Today’s guest blogger is my husband and sensei, Scott Fawcett. Scott is a godan (fifth degree black belt) in Isshinryu karate and owns the NJ Academy of Martial Arts in the Lebanon Plaza in NJ. He blogs about how karate came to the United States. Welcome Scott.
Karate originated on the island of Okinawa. I had the opportunity to visit Okinawa with my Sensei, Arcenio Advincula for 10 days in 2008 and again for 10 days in 2009. To fully understand Okinawan karate, one must understand and have an appreciation for Okinawan culture, customs, traditions and history.
Okinawa is a small island located about 200 miles south of Japan. It is approximately 60 miles in length and about 15 miles wide at its widest point. During World War II one of the most fierce land campaigns was fought on Okinawa. This battle was known as Operation Iceberg or The Battle of Okinawa.
After the attack on Pearl Harbor, the United States entered the War in the Pacific with the ultimate goal of defeating mainland Japan. The United States would use Okinawa as a strategic launch point to defeat mainland Japan. The Japanese realized how important Okinawa was and arrived there well before the American troops.
The United States arrived on Okinawa on Easter Sunday, April 1, 1945. At first the American troops advanced with little resistance. The troops were later met with great Japanese resistance. The Battle of Okinawa lasted just under three months and resulted in 10,000 American casualties, approximately 40,000 dead Japanese soldiers and 1/3 of the Civilian population of Okinawa being killed. This island of peace-loving people had their world turned upside-down.
Following World War II, Okinawa was under American administration. During this time, America rebuilt much of the infrastructure on Okinawa and also built a number of military bases. Some U.S. Marines who were stationed on Okinawa in the late 1950’s and 1960’s became interested in Okinawan Karate (Kara meaning empty and te meaning hand).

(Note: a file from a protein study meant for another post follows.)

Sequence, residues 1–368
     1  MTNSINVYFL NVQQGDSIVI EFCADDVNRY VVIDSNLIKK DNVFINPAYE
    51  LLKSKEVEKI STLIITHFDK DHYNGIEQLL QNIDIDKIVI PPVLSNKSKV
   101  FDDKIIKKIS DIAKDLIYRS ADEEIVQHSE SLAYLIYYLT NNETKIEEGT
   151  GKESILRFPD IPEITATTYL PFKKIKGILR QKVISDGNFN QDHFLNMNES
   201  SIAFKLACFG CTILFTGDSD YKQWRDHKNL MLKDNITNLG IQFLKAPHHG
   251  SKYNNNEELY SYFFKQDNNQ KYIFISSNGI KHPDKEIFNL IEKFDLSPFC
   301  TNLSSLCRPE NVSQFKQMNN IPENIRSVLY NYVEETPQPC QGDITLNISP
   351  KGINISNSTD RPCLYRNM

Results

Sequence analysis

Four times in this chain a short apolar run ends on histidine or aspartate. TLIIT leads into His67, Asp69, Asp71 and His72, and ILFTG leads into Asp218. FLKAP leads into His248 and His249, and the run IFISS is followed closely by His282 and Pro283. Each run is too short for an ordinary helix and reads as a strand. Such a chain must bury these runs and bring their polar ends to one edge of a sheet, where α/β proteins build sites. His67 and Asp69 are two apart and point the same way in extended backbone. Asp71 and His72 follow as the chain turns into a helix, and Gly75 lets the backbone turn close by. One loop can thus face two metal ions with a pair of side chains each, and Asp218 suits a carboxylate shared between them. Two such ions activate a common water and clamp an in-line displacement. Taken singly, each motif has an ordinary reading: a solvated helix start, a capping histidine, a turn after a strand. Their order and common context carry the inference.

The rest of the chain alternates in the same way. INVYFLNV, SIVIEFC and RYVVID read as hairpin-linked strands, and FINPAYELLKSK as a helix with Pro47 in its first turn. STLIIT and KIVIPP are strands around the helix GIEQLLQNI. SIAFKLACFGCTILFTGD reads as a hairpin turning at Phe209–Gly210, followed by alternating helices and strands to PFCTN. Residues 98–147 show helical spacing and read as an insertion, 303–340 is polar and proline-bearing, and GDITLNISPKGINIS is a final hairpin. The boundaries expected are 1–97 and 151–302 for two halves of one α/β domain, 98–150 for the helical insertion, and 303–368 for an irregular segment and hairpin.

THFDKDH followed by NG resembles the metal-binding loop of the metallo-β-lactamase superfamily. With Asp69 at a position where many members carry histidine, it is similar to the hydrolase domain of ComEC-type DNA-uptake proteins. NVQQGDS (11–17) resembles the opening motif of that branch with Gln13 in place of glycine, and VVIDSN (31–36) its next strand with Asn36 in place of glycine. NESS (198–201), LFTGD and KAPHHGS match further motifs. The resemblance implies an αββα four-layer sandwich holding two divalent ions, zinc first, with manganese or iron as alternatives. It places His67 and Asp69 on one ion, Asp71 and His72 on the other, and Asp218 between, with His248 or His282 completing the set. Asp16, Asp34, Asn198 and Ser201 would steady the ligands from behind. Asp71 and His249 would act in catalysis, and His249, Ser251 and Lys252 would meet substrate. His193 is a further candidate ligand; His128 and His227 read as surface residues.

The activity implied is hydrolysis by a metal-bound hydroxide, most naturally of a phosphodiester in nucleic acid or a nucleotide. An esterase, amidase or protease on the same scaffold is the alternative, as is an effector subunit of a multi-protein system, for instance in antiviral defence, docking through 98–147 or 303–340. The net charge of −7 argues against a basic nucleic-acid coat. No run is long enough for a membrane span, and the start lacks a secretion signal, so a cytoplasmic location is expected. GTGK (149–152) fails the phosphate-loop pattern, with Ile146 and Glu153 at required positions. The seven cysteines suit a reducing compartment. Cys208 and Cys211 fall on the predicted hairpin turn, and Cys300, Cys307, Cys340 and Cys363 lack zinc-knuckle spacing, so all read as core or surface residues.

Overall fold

Most Marines were only stationed on Okinawa for one 13-month tour of duty and therefore did not have time to fully understand this system, which takes years to learn. Tatsuo Shimabuku wanted Americans to learn more than kicking and punching. He wanted them to understand Okinawan culture. He is quoted in the April 30, 1960 edition of the Okianwan Times as saying “Even if we cannot promote friendship between Okinawa and America through karate, my true hope is that if karate becomes popular in the USA and Hawaii, then Okinawa would also become more well understood.”
Today there are hundreds of Isshinryu dojo (karate schools) in the United States teaching Isshinryu karate. Many have unfortunately lost the connection to Okinawa and appreciation for Okinawan culture, customs, traditions and history. Sensei Arcenio Advincula is one of the few who returned to Okinawa many times to continue his studies under Shimabuku. To this day Mr. Advincula continues to conduct annual Okinawan cultural martial arts tours to keep the true spirit of Isshinryu karate and his teacher Tatsuo Shimabuku alive.